I would seek to establish an international repository for spent nuclear fuel that could collect and safely store materials overseas that might otherwise be reprocessed to acquire bomb-grade materials. It is even possible that such an international center could make it unnecessary to open the proposed spent nuclear fuel storage facility at Yucca Mountain in Nevada.
McCain appear to be a student of the realist school of foreign affairs. He also counsels that the U.S. should, "begin a dialogue with China on strategic and nuclear issues. We have important shared interests with China and should begin discussing ways to achieve the greatest possible transparency and cooperation on nuclear force structure and doctrine."
Whether you agree with him or not his raises important issues that affect the future of nuclear energy use on the planet. If he's elected next November these ideas will become more significant.
Transparency trumps mistrust
At Physical Insights Luke Weston reports on a community organization that monitors a nearby nuclear power plant, but which isn't, on reflex, anti-nuclear. The EFMR Monitoring Network is a non-profit, non-partisan organization which monitors Three Mile Island Unit 1 (TMI) and Peach Bottom Atomic Power Stations 2 & 3.
Weston writes this is a good idea. He reminds his readers that every nuclear power plant meticulously monitors any discharge of the very small amounts of radionuclides into the atmosphere or other effluents, and these records are all filed with the NRC, and are a matter of public record.
However, if they want to provide an extra layer of data, and extra monitoring apparatus, by themselves, then so much the better. Having such data collected by independent means, and analyzed by local college physicists, has every potential to
- Eliminate any community distrust of nuclear utilities.
- Dispel the myth that nuclear power plants emit any significant amounts of radioactivity into the environment at all during their operation.
Weston writes that the anti-nuclear lobby, and many environmentalist groups, could do well to learn from this group.
Coal won't fuel the fires in Australia forever
At Nuclear Australia our blogger reports on a new study that takes a long-term look at Australia's energy options. Although the country is a major global supplier of uranium, it has no commercial nuclear power plants. It also has a history of political aversion to building them. He notes that while the massive commitment to nuclear energy in France may not be right for Australia, there are things the country can learn from that experience.
Use of nuclear power in Australia remains highly controversial. Our heavy reliance on fossil fuels is not, however, a feasible long term solution. Nuclear power, as one potential alternative, may therefore become an unavoidable prospect in the future. While this may seem daunting, the regulations employed to ensure the successful exploitation of nuclear power in France will be a valuable tool when the time comes.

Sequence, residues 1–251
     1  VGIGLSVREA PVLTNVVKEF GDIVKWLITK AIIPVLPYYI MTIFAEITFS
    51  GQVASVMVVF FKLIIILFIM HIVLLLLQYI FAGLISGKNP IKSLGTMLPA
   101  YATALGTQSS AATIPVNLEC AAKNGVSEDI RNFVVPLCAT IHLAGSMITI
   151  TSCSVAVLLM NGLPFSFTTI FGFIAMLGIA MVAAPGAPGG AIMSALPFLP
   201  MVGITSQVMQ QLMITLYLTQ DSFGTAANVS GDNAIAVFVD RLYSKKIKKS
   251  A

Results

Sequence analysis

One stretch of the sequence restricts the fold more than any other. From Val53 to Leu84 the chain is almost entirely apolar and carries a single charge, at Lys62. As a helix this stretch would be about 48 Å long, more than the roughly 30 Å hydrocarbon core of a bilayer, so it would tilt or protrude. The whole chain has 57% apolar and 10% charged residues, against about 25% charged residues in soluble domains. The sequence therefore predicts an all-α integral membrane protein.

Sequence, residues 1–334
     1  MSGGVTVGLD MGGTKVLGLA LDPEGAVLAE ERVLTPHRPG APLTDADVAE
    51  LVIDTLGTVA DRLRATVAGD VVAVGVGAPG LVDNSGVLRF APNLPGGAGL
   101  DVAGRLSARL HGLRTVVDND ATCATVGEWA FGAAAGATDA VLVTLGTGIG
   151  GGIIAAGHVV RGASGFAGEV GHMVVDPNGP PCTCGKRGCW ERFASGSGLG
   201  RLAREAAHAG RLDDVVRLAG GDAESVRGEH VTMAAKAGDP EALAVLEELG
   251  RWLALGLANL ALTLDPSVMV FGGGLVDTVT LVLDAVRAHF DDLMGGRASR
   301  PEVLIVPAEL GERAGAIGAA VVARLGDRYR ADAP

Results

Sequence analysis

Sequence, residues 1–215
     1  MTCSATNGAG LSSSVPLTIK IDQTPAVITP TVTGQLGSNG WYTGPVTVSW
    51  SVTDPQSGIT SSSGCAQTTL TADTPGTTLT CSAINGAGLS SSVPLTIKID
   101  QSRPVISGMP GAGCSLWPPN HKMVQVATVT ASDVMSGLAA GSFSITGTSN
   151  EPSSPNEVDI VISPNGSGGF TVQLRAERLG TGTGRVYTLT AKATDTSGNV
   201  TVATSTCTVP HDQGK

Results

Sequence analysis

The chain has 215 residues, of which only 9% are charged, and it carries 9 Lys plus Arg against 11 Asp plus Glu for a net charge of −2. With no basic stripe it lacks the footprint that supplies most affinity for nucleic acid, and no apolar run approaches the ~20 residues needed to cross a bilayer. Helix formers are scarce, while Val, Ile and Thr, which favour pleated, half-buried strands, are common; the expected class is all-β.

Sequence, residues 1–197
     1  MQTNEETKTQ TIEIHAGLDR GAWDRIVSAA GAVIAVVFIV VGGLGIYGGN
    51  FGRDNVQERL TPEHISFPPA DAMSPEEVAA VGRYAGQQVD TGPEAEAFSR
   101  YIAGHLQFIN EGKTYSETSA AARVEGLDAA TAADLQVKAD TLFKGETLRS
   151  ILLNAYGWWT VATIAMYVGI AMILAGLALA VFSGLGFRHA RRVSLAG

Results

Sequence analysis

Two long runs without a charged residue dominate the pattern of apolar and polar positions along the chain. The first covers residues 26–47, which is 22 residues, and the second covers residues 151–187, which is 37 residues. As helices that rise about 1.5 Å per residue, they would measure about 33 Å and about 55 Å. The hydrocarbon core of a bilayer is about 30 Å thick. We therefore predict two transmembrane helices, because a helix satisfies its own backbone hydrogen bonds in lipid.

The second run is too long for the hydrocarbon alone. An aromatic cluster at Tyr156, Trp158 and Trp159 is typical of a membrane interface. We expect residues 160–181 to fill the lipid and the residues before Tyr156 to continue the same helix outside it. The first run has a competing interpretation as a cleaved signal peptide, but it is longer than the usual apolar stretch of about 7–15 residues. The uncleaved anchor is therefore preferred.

The options for nuclear energy are limited, he writes, and should be part of a portfolio of energy sources.
At Atom Watch Alexandra Prokopenko, a relative newcomer to the nuclear blogsphere, reports on efforts for cooperation on nuclear energy between Russia and the European Union. Alexandra monitors the European and Russian news media and posts summaries or original reports on her blog.
Russia and the European Union are working on an agreement on the civilian use of atomic energy, a deputy head of Russia's state nuclear corporation Rosatom said last week.
"We are now starting consultations with the European Union on an agreement on the civilian use of nuclear power," said Nikolai Spassky (right), who is in charge of international cooperation for Rosatom.
Thinking about the future
Here at Idaho Samizdat two weeks ago I published an essay on the future of pro-nuclear advocacy in the gem state. I said the Partnership for Science & Technology (PST), which contributed to winning the Areva deal that brings a $2 billion uranium enrichment plant to Idaho Falls, must think about the next steps.
These steps include developing advocacy for the firms that will supply products and services to the plant and commercial nuclear opportunities generally in the six county region. One of them is that the commercial incentives enacted by the Idaho legislature aren't limited to Areva. Other nuclear firms are reportedly thinking about their options for developing new businesses in Idaho.
Lane Allgood, PST's Executive Director, told me over coffee on Friday that the group's board of directors liked the ideas in my essay and have asked me to participate in discussions with them about next steps.
This is an exciting time to be a nuclear blogger. Not only can you come up with new ideas, but opportunities also exist to put them into action by working with others in the community and the industry.
Full steam ahead.
What? No more blogs?
Got a nuclear blog and don't see yours here? Write to me. and I'll get it in next month's column .Send me your information or comments to idaho [dot] nuclear [at] rocketmail [dot] com